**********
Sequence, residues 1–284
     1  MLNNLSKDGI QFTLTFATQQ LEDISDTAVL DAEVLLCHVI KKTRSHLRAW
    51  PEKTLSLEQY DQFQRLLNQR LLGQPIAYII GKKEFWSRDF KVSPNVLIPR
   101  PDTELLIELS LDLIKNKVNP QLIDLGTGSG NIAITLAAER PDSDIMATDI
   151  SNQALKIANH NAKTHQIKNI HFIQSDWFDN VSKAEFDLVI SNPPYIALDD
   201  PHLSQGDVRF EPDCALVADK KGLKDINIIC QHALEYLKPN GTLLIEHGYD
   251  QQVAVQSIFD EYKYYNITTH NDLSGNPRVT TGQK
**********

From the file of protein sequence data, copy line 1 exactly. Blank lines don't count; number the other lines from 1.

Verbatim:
Sequence, residues 1–284